Faith Muscles

Are you ready to exercise yours?

Mark Finley and his wife, Ernestine “Teenie,” have been involved in Christian ministry for over 40 years, preaching, teaching, offering spiritual growth workshops, and conducting over 100 evangelistic series that have spanned the globe with sermons translated into over 50 languages. Today, Pastor Finley and Teenie continue their ministry at the Living Hope School of Evangelism Training Center in Haymarket, Virginia. This article is excerpted from the book End-Time Living, published by Pacific Press and available at

JESUS PREDICTED FAITH would be in short supply at the end of time. He asked this probing question: “When the Son of Man comes, will He really find faith on the earth?” (Luke 18:8). . . .

Scripture contains one entire chapter devoted to faith. It’s Hebrews 11. This chapter clarifies some of life’s deepest issues. It answers some of life’s most fundamental questions. It cuts to the heart of how to live our lives. Here God lists the heroes of faith down through the ages—people whose names hang high in heaven’s hall of fame.

Verse 1 of this chapter serves as an introduction to what follows. It defines faith as “the substance of things hoped for, the evidence of things not seen.” Faith is the
“substance . . .” Sub means “under.” We have words like “submarine” (“under the sea”) and “subterranean” (“under the earth”). Literally, a “substance” is something 
that “stands under.” It is the essence of a thing—what it is. It supports or sustains something. It is a foundation.

So, faith is the quality that supports us when all of life falls apart. Faith stands under everything else. Faith sustains us in the perplexing questions of life. It is the essence of the spiritual life; it is what keeps it from crumbling.

However, biblical faith produces some surprising results. On the surface, it’s rather confusing—a casual look at Hebrews 11 will leave you with more questions than answers. Follow me as we take a brief journey through this chapter:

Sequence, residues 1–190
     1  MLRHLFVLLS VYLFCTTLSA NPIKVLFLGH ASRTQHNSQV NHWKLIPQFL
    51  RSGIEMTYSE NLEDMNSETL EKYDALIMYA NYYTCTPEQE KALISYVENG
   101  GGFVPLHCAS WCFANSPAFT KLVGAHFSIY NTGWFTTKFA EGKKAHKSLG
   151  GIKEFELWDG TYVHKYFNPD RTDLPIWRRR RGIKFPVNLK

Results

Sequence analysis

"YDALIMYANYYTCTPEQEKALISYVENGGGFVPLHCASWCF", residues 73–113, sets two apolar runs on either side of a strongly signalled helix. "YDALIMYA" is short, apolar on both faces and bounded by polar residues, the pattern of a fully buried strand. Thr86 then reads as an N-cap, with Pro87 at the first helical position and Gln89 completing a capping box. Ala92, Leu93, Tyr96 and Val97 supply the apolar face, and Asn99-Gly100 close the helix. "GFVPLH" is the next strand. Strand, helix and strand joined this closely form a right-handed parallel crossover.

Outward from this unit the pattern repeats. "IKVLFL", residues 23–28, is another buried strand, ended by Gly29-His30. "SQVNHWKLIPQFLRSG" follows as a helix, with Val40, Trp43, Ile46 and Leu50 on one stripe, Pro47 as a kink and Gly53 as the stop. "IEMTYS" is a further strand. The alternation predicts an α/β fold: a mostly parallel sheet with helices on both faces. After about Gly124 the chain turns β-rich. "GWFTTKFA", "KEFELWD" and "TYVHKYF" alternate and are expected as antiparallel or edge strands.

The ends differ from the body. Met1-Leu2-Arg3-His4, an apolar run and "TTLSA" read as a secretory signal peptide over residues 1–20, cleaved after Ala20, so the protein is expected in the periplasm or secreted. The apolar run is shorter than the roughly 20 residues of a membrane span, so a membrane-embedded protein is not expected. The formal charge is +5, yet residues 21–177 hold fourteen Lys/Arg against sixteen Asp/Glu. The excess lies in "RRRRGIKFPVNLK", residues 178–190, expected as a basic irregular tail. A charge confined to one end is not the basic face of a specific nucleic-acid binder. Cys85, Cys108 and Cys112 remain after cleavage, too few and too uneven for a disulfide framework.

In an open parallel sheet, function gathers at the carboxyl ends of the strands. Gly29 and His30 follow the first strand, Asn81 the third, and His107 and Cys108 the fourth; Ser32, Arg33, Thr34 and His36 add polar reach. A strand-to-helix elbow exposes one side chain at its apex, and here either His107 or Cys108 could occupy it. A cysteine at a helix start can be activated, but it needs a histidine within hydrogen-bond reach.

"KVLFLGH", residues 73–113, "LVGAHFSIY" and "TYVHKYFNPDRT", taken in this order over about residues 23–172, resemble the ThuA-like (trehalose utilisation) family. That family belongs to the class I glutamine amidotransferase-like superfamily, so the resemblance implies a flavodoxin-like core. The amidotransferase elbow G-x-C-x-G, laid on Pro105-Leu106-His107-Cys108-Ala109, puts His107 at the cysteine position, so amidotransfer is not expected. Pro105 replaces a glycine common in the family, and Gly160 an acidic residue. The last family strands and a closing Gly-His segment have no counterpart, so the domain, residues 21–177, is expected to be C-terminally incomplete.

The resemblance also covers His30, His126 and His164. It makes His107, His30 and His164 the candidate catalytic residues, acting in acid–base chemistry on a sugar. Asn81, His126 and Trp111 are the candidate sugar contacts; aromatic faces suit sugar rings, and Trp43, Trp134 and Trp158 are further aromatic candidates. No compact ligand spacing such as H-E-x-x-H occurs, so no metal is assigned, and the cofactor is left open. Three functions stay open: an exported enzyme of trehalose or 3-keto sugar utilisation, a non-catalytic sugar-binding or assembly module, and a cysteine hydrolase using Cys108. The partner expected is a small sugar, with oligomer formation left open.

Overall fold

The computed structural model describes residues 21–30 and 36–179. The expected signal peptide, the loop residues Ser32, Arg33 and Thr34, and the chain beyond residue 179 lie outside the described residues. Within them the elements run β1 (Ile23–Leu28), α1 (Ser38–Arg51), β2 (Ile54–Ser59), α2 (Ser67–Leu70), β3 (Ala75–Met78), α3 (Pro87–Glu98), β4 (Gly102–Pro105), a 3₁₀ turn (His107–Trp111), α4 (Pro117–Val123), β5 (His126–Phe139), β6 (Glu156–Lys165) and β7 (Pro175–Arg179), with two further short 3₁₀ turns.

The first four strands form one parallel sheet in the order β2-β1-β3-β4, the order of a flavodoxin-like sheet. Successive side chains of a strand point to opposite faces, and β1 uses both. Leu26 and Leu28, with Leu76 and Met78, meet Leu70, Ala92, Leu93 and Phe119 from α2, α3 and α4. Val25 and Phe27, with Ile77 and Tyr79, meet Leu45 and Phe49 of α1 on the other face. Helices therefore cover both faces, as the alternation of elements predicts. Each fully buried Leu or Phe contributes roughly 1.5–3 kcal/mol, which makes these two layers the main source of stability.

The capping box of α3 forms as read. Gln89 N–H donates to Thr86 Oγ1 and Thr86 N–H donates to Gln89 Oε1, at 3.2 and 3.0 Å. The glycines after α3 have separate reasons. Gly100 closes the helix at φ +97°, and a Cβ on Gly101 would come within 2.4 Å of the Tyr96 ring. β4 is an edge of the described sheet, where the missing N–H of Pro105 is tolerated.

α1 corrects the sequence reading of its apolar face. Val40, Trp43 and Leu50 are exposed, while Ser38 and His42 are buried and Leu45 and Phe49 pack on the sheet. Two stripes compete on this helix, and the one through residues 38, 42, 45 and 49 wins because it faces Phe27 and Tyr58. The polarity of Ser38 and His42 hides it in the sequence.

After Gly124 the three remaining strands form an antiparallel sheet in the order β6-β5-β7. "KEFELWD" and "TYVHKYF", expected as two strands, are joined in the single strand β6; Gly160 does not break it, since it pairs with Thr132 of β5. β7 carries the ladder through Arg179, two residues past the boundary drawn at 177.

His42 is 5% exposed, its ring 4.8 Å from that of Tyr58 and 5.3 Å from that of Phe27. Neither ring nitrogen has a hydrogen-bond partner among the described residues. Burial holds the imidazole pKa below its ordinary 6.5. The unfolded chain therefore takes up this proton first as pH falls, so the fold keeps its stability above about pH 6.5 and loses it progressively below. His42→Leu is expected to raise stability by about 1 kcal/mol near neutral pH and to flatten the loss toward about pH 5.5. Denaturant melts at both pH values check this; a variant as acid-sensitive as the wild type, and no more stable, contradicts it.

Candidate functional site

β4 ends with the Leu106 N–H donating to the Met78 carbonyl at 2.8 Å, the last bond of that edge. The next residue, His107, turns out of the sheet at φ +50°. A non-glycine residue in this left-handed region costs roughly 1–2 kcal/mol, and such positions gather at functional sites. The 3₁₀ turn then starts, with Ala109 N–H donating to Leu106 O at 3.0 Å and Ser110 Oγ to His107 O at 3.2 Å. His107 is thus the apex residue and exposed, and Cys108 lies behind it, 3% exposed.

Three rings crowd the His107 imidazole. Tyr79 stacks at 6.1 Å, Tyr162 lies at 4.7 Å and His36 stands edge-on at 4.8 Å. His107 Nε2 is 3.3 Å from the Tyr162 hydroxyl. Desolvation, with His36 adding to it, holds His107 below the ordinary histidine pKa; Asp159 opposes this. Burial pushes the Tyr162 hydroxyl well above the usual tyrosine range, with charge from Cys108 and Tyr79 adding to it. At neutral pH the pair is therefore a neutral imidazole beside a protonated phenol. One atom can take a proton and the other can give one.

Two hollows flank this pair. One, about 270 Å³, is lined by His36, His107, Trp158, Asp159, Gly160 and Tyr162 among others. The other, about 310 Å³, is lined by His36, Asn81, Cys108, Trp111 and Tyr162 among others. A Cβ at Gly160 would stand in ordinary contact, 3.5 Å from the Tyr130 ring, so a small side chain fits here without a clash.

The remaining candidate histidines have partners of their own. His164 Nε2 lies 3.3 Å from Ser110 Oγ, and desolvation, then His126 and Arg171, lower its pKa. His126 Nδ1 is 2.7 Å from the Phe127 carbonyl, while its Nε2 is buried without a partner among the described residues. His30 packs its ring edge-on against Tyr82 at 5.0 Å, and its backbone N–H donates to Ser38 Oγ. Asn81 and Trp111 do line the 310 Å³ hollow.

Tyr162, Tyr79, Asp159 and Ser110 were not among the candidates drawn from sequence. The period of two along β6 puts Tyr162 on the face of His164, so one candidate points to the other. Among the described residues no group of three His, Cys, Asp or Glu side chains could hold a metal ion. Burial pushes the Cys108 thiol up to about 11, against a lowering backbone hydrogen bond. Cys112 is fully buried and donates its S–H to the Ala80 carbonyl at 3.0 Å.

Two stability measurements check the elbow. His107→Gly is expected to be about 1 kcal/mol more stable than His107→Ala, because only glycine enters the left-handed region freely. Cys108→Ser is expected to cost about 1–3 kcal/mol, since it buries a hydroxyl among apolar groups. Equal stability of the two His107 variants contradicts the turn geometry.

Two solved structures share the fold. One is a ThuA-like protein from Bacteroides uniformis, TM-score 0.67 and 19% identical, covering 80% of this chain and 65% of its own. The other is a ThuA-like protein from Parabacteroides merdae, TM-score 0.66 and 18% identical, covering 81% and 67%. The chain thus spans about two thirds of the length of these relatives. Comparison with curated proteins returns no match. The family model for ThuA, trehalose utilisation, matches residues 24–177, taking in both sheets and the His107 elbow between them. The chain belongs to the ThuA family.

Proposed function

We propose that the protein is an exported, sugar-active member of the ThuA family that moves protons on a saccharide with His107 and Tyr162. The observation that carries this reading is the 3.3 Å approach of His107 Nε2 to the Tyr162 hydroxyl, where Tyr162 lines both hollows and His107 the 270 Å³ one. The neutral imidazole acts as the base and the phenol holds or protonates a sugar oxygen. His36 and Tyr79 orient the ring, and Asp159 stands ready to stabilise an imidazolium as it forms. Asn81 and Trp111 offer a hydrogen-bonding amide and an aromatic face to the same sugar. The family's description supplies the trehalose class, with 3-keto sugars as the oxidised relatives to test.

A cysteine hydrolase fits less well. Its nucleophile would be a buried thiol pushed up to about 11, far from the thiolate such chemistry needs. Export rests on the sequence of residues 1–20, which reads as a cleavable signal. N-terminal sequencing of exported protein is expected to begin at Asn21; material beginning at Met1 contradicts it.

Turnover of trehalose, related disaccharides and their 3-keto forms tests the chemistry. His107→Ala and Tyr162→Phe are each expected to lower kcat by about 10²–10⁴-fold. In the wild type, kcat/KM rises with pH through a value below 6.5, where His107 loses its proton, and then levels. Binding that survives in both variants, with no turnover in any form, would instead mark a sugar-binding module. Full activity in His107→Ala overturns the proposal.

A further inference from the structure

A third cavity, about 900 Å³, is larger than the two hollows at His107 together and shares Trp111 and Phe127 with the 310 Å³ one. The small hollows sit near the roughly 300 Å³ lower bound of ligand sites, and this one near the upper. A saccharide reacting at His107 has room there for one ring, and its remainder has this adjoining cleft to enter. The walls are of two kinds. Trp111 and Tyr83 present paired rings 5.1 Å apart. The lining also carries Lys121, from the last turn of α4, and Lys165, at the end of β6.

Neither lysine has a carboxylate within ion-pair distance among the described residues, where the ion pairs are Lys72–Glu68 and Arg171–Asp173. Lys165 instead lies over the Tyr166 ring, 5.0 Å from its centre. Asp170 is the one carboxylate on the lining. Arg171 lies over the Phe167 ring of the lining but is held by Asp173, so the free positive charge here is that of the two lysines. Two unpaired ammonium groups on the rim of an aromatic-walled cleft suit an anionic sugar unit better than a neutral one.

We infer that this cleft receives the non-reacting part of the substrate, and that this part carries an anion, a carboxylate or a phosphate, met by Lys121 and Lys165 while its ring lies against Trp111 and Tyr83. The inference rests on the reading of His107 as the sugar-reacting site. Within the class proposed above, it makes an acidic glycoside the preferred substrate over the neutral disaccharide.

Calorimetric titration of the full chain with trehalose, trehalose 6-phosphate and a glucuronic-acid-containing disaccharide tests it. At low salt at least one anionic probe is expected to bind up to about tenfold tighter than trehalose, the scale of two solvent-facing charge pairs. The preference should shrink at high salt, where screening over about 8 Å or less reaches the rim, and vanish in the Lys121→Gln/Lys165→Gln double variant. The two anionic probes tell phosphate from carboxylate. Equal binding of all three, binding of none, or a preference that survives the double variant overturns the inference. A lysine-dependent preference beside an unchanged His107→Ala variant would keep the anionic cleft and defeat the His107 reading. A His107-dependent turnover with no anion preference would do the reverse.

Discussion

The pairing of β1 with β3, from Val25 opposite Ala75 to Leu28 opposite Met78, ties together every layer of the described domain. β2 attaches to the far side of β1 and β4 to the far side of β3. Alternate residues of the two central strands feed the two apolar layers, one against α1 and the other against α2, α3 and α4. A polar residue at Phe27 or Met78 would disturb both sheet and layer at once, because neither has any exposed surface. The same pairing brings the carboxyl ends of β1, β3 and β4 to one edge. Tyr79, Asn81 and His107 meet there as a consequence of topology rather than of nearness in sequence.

• Verse 4: Abel’s faith is so strong that it gets him killed. If he didn’t have faith, he would have lived.
• Verse 5: Enoch’s faith takes him to a place where he will never die. If he didn’t have faith, he would have died.
• Verse 7: Noah’s faith leads him to stay put for 120 years and build an ark. Noah obeys God and fulfills his God-given task.
• Verse 8: Abraham’s faith leads him to go away where God directs him. Abraham obeys God and leaves home.
• Verse 22: Joseph’s faith leads him to remain in Egypt, and God entrusts him with unusual wealth.
• Verses 24-27: Moses’ faith leads him to leave Egypt and live in poverty in the wilderness.
• Verse 30: By faith the walls of Jericho fall down and the Israelites preserve their lives in battle.
• Verse 32: By faith mighty Samson brings walls down and loses his life.
• Verses 34, 35: By faith God’s people are protected and miraculously delivered from death by the sword.
• Verses 36, 37: By faith God’s people hang on despite persecution and are killed by the sword.

Do you catch what’s going on here? The contrasts leap off the pages of this classic chapter on faith. By faith Abel dies and Enoch lives. By faith Noah stays and Abraham goes. By faith Joseph remains in Egypt and becomes rich and Moses leaves Egypt and becomes poor. By faith some are delivered from the sword and others are slain by it.

What is the common thread? In each instance, it is faith—trusting God enough to believe His promises and do just what He says. The heroes in God’s hall of fame had different experiences, but they all trusted God. They trusted Him in life and in death. They trusted Him when He commanded them to stay and when He commanded them to 
go. They trusted Him when they lived in poverty and when they rejoiced in wealth. They trusted Him in sorrow and in joy. . . . 

What difference does faith make in our lives? “The just shall live by faith” (Romans 1:17). Faith is not simply belief or mental assent; it is something we live by.

Faith is a relationship with God as with a well known friend—a relationship that leads us to do whatever He asks and accepts whatever He allows to happen to us. Faith believes God will strengthen us to triumph over every difficulty and overcome every obstacle until the day we receive our final reward in His eternal kingdom.

Faith energizes. It enlivens. It lifts our spirits. It encourages our hearts. It renews our hope. It lifts our vision.